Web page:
May 2019 Market Update
Market Update
(all values as of 03.29.2024)

Stock Indices:

Dow Jones 39,807
S&P 500 5,254
Nasdaq 16,379

Bond Sector Yields:

2 Yr Treasury 4.59%
10 Yr Treasury 4.20%
10 Yr Municipal 2.52%
High Yield 7.44%

YTD Market Returns:

Dow Jones 5.62%
S&P 500 10.16%
Nasdaq 9.11%
MSCI-EAFE 5.06%
MSCI-Europe 4.60%
MSCI-Pacific 5.82%
MSCI-Emg Mkt 1.90%
 
US Agg Bond -0.78%
US Corp Bond -0.40%
US Gov’t Bond -0.72%

Commodity Prices:

Gold 2,254
Silver 25.10
Oil (WTI) 83.12

Currencies:

Dollar / Euro 1.08
Dollar / Pound 1.26
Yen / Dollar 151.35
Canadian /Dollar 0.73

Macro Overview

The ongoing trade dispute between the U.S. and China escalated in May as the U.S. signaled that it had not finalized a deal yet with China. The lack of a deal led to the U.S. announcing an increase in tariffs from 10 percent to 25 percent on $200 billion of Chinese imports.

The U.S. Department of Commerce began assessing Chinese imports arriving at U.S. ports with a 25% tariff at 12:01 AM on June 1st. The tariff increase affects a broad range of imported products, including modems, routers, furniture, and vacuum cleaners. Additional tariffs were also proposed by The Office of the United States Trade Representative on essentially all remaining imports from China, valued at about $300 billion.

The proposed tariff increases by the United States caused China to retaliate against the U.S. with its own tariff proposals on U.S. goods including alcohol, swimsuits, and liquefied natural gas (LNG). The Chinese government may apply additional tariffs to more meaningful products including food, energy and aircraft products from the U.S.

The recent market downturn has primarily been due to the uncertainty of the trade disputes and the effects of tariffs on the U.S. and international economies. Analysts believe that the equity market pullback along with the pending trade disputes have raised the possibility of an interest rate cut by the Federal Reserve later this year.

Longer term U.S. Treasury bond yields fell to their lowest levels since 2017. Combined pressures from the trade disputes to the pending Brexit turmoil in Europe has fostered increasing demand for U.S. Treasury bonds, which has resulted in higher bond prices.  The fixed income market is looking at the probability that economic weakness will lead to the Federal Reserve to actually cut interest rates sometime this year in order to bolster the U.S. economy. Many believe that the Fed needs to move quickly in order to shore up growth at the first sign of any economic contraction.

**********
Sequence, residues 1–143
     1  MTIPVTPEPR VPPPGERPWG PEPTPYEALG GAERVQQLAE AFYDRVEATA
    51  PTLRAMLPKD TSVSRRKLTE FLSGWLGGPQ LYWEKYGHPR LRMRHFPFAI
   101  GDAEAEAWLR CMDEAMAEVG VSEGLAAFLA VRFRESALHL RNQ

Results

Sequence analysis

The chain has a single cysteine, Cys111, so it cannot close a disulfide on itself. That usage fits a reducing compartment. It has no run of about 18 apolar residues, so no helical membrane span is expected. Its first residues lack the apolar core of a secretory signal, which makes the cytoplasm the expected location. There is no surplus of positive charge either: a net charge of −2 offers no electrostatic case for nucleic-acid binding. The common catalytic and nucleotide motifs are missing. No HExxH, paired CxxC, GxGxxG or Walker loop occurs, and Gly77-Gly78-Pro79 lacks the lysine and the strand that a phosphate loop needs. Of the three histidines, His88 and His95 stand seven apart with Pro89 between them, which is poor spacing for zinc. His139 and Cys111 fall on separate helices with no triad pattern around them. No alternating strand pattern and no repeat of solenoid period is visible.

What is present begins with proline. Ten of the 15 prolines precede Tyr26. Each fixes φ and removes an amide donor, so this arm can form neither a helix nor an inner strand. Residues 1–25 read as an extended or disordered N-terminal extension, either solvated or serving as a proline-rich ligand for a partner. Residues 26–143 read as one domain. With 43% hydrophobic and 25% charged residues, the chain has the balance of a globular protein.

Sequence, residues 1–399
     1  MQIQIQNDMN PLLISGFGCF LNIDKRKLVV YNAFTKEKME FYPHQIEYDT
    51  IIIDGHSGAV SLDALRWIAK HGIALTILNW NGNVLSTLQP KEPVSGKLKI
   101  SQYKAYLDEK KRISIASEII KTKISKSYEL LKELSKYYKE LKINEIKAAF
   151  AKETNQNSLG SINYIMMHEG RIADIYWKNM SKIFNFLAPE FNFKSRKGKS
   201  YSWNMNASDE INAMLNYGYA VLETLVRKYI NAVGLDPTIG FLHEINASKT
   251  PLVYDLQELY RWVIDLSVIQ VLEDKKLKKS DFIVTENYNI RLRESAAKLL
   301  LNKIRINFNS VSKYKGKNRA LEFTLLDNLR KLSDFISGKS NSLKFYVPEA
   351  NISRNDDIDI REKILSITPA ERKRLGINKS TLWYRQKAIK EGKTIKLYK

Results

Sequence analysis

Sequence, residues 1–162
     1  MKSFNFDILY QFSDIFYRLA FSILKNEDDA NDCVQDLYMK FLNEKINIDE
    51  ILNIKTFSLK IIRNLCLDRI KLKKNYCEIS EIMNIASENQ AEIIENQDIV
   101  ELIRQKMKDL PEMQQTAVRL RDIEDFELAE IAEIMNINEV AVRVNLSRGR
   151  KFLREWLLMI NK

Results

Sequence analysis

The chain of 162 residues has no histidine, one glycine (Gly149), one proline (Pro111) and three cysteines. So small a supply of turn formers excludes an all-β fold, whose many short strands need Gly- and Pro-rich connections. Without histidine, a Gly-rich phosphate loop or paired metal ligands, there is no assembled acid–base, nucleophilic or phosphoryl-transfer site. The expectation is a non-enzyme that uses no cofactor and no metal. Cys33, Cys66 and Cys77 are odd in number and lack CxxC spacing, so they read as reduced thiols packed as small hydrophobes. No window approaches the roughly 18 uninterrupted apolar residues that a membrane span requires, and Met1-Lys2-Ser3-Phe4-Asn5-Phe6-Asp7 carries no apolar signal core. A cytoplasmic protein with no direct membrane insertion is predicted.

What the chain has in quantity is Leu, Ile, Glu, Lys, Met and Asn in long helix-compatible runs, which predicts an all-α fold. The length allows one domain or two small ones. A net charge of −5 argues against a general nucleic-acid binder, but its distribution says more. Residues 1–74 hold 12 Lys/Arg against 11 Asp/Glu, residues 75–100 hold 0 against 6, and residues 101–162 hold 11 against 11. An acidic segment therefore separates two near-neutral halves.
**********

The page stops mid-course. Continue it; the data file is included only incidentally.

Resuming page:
Mortgage rates fell below 4% for the first time since early last year helping to stabilize housing market activity. The average mortgage rate on a 30-year fixed conforming loan was 3.99% at the end of May, as tracked by Freddie Mac, the lowest since January 2018. Falling mortgage rates tend to entice buyers to sell their homes and trade up to larger homes with bigger mortgage balances, a boom for the housing market.

The most recent unemployment data revealed that unemployment unexpectedly fell to a 50 year low this past month to 3.6 percent, the lowest since 1969. Historically, a low unemployment rate tends to drive consumer confidence higher and act as a buffer during economic uncertainty.

Canada, Mexico, and the United States introduced legislation that would replace the North American Free Trade Agreement (NAFTA) and establish a new trade treaty among the three countries to be referred as the U.S.-Mexico-Canada Agreement (USMCA). Existing tariffs on steel and aluminum imports from Canada would be eradicated. Canada is the second largest foreign supplier of steel and aluminum to the United States.  (Sources: Dept. of Commerce, Treasury Dept., Freddie Mac, IMF)

 
$10.6 trillion worth of global debt is now in negative yielding territory

Rates Drop Rapidly Amid Inverted Yield Curve – Fixed Income Update